“one of the most authentic histories ever written”

Every once and a while, my ward will have combined Elder’s Quorum and High Priest Group lessons. This last Sunday, we had one such meeting and we discussed next year’s lesson manual. After a brief introduction to Joseph Smith historiography, including news about the Joseph Smith Papers, we went to the appendix of the new manual entitled, “Sources Used in This Book.”

After noting some of the various sources for the book, the Appendix devotes several pages to the History of the Church (HC). The HC has been the traditional source for Mormon History for generations. Joseph received a revelation to keep a history, but only finished up to 1838 before he died. Willard Richards then George A. Smith devoted significant resources to finish the project. They took notes, diaries, correspondence, meeting minutes and various other sources, edited them, and combined them together. The Appendix notes several categories of changes made to source material: 1) Combining Accounts, 2) Changing Accounts from third to first person, and 3) Adding or Changing words or sentances.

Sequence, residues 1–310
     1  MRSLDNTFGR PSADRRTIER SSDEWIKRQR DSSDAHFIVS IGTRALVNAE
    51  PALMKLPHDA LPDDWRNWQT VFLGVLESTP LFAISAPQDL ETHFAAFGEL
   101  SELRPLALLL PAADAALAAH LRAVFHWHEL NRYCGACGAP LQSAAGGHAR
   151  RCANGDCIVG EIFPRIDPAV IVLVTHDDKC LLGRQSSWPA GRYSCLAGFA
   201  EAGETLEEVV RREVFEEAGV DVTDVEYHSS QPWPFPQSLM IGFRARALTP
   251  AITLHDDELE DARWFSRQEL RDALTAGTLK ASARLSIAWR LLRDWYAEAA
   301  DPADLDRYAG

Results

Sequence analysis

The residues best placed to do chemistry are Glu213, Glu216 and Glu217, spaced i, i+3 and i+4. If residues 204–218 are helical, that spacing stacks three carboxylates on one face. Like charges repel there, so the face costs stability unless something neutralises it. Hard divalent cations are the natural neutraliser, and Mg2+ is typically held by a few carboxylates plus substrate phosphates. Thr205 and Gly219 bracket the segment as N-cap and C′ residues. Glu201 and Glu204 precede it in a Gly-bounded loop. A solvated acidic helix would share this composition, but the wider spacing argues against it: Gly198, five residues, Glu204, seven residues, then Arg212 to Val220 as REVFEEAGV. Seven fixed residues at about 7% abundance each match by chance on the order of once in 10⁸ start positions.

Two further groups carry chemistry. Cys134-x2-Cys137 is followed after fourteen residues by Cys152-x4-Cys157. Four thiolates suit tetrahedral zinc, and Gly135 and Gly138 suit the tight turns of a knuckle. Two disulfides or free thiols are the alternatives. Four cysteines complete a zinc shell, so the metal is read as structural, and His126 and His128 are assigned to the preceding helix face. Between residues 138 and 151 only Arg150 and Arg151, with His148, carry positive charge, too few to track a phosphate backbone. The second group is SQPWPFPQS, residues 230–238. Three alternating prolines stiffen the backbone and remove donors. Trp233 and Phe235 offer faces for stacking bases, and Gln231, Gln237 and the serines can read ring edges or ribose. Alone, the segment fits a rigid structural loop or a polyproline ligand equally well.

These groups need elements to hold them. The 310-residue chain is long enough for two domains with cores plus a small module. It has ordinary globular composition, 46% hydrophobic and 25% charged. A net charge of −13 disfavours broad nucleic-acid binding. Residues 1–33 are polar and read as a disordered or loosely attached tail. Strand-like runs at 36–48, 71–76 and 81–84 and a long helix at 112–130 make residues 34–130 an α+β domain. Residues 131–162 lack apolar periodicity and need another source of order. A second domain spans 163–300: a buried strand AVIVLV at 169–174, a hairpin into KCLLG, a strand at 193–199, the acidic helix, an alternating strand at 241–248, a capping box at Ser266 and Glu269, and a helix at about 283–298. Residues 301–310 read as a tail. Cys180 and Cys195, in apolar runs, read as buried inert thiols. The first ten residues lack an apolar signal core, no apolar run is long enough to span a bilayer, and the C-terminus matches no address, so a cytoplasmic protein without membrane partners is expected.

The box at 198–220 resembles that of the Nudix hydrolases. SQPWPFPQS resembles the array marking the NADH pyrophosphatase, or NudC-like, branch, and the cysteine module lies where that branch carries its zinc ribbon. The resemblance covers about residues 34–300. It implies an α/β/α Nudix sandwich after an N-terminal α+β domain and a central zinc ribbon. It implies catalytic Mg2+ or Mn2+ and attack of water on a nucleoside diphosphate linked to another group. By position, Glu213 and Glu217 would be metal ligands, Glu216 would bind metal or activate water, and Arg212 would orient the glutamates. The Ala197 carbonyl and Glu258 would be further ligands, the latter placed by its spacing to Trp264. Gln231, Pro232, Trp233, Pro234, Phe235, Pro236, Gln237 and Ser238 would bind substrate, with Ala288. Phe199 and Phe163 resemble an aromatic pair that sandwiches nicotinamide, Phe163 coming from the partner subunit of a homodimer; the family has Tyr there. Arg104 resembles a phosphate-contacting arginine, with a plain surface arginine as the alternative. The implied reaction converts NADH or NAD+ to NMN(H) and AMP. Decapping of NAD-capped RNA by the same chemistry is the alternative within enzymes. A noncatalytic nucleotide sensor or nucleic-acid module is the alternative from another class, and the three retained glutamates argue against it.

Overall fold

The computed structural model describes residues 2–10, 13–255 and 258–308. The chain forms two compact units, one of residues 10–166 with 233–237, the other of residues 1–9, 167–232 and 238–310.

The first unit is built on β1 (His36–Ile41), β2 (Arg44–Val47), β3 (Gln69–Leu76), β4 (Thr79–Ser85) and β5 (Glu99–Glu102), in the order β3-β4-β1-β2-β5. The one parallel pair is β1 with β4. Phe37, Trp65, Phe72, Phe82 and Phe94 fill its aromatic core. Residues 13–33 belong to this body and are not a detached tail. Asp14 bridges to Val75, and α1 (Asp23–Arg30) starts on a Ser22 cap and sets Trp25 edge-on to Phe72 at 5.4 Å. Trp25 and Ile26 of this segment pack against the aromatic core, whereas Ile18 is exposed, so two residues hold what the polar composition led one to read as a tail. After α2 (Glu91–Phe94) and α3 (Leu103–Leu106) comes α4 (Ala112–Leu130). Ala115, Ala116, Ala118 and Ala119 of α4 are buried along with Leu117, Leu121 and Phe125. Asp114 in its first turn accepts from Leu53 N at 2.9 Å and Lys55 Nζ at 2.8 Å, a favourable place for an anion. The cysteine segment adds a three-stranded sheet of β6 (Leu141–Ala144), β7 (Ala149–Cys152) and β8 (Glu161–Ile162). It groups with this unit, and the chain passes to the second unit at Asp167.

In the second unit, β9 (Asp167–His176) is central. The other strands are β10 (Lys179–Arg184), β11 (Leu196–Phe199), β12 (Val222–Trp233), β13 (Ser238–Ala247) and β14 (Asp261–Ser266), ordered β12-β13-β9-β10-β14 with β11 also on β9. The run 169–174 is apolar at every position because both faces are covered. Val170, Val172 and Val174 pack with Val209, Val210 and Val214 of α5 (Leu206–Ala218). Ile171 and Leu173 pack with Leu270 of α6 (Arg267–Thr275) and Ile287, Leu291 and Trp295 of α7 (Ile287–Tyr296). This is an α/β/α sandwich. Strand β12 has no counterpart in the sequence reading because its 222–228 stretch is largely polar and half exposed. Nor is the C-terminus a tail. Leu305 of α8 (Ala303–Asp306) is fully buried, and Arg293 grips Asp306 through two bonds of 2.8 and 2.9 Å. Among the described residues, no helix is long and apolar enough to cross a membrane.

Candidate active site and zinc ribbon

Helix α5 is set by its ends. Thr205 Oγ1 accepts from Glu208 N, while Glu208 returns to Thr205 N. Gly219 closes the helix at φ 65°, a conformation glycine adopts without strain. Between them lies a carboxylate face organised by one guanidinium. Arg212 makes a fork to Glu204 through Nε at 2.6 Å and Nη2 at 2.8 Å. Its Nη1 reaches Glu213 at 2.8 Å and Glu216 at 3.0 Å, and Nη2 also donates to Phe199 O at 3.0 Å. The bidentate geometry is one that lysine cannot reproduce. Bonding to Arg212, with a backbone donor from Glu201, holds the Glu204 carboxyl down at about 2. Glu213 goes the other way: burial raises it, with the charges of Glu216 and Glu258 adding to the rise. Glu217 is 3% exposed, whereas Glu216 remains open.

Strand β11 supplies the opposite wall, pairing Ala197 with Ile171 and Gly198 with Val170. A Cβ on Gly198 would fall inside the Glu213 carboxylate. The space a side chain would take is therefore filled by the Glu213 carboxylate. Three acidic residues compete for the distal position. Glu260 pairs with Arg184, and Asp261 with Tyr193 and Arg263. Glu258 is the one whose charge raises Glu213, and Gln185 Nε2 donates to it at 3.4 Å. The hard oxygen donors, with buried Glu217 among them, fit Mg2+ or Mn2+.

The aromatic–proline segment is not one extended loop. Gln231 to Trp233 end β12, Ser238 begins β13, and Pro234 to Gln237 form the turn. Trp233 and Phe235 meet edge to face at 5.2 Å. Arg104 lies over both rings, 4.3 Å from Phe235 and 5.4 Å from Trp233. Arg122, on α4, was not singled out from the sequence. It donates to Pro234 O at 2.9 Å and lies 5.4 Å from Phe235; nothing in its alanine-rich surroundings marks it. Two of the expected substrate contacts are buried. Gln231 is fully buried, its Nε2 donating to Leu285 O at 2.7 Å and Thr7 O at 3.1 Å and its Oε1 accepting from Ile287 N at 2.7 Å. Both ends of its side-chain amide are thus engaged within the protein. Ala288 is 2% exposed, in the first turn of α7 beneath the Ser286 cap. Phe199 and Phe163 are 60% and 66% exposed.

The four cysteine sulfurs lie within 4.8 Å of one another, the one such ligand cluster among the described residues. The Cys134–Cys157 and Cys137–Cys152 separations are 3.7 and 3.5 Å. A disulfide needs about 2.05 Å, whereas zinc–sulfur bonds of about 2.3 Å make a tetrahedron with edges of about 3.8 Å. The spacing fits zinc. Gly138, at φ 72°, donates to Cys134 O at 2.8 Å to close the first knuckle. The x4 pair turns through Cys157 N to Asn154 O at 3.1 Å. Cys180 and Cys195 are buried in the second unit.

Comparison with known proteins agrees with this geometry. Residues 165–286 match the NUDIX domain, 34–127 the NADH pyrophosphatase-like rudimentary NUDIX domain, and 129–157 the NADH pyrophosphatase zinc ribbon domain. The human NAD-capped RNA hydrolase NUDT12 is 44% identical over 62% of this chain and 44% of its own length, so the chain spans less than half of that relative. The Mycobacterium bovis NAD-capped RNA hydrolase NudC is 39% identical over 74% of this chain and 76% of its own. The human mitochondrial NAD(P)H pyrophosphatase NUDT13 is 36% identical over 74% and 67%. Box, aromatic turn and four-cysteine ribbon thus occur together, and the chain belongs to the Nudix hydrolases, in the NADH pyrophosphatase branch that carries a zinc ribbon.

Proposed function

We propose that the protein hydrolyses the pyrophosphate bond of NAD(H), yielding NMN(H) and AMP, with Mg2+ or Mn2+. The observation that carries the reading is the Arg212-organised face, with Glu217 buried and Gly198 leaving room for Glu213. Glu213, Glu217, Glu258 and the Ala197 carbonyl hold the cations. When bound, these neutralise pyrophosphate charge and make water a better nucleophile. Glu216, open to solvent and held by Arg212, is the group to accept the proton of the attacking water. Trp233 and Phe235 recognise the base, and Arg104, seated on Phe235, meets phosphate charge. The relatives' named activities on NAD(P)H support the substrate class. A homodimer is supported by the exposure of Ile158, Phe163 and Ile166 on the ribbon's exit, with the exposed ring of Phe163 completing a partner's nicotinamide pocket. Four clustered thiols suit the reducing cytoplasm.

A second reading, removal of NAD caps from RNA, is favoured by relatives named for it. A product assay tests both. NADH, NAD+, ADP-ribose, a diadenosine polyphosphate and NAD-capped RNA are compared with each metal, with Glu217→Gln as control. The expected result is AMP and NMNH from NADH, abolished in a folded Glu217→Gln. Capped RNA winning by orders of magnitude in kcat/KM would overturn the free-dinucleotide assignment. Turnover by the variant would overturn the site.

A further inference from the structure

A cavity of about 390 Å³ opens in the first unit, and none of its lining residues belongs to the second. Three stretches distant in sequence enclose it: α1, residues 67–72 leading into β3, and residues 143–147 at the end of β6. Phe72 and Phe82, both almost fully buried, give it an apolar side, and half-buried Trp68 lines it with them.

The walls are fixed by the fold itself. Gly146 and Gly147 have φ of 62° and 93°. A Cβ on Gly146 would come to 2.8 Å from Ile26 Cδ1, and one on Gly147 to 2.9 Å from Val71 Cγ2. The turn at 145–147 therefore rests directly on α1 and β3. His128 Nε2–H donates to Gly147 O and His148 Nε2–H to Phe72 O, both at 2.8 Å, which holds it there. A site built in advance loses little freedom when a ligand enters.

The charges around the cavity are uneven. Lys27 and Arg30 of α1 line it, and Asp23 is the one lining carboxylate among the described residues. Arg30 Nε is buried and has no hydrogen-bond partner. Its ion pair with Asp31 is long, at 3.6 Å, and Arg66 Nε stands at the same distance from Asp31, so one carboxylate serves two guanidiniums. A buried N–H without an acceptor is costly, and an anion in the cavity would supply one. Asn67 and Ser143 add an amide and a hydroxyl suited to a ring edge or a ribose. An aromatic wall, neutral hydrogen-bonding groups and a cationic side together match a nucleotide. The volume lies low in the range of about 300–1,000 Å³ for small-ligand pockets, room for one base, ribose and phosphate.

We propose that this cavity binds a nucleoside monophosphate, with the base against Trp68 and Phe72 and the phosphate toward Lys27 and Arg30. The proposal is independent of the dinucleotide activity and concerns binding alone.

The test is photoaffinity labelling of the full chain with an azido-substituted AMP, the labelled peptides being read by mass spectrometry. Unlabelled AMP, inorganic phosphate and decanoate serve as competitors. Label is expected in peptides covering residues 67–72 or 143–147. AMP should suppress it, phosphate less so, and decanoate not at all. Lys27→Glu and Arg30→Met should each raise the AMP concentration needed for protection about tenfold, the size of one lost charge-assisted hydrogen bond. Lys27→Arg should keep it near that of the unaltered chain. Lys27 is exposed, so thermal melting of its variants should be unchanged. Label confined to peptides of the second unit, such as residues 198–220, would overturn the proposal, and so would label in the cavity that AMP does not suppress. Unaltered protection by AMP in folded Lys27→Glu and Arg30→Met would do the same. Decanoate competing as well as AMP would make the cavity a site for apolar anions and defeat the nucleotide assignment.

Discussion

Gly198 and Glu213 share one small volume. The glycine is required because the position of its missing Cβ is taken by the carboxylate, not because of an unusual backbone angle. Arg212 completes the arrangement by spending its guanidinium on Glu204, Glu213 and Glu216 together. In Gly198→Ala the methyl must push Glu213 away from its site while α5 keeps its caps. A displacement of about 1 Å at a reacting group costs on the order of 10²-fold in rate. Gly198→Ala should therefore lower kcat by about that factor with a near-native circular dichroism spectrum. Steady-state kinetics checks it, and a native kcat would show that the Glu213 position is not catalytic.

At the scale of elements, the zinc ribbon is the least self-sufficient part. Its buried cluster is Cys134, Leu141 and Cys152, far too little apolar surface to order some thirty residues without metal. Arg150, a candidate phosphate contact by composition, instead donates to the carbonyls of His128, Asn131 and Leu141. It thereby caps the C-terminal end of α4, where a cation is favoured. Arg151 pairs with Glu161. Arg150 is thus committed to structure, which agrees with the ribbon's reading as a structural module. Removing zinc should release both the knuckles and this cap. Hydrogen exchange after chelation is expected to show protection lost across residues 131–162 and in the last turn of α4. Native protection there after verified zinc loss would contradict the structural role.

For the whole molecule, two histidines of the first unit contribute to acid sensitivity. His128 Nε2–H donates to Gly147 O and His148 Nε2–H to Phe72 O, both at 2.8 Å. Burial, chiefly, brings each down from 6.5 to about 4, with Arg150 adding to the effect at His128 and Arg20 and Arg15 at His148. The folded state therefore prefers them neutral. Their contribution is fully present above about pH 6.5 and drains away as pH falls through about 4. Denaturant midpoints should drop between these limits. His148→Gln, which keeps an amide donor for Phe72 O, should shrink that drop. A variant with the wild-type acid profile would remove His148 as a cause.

The task was huge and the HC is a monument to the Restoration. From a historical perspective, however, it isn’t always the most reliable source. Frequently, teachings were attributed to Joseph Smith that were actually from other Church authorities (one relic of this can be seen in the old Teaching of the Prophet Joseph Smith, which retained significant misattributions. See here for some details). Further, editorial standards were definitely not consistent with modern standards. For example, it appears from the text that Joseph wrote the entire thing, but this is not case.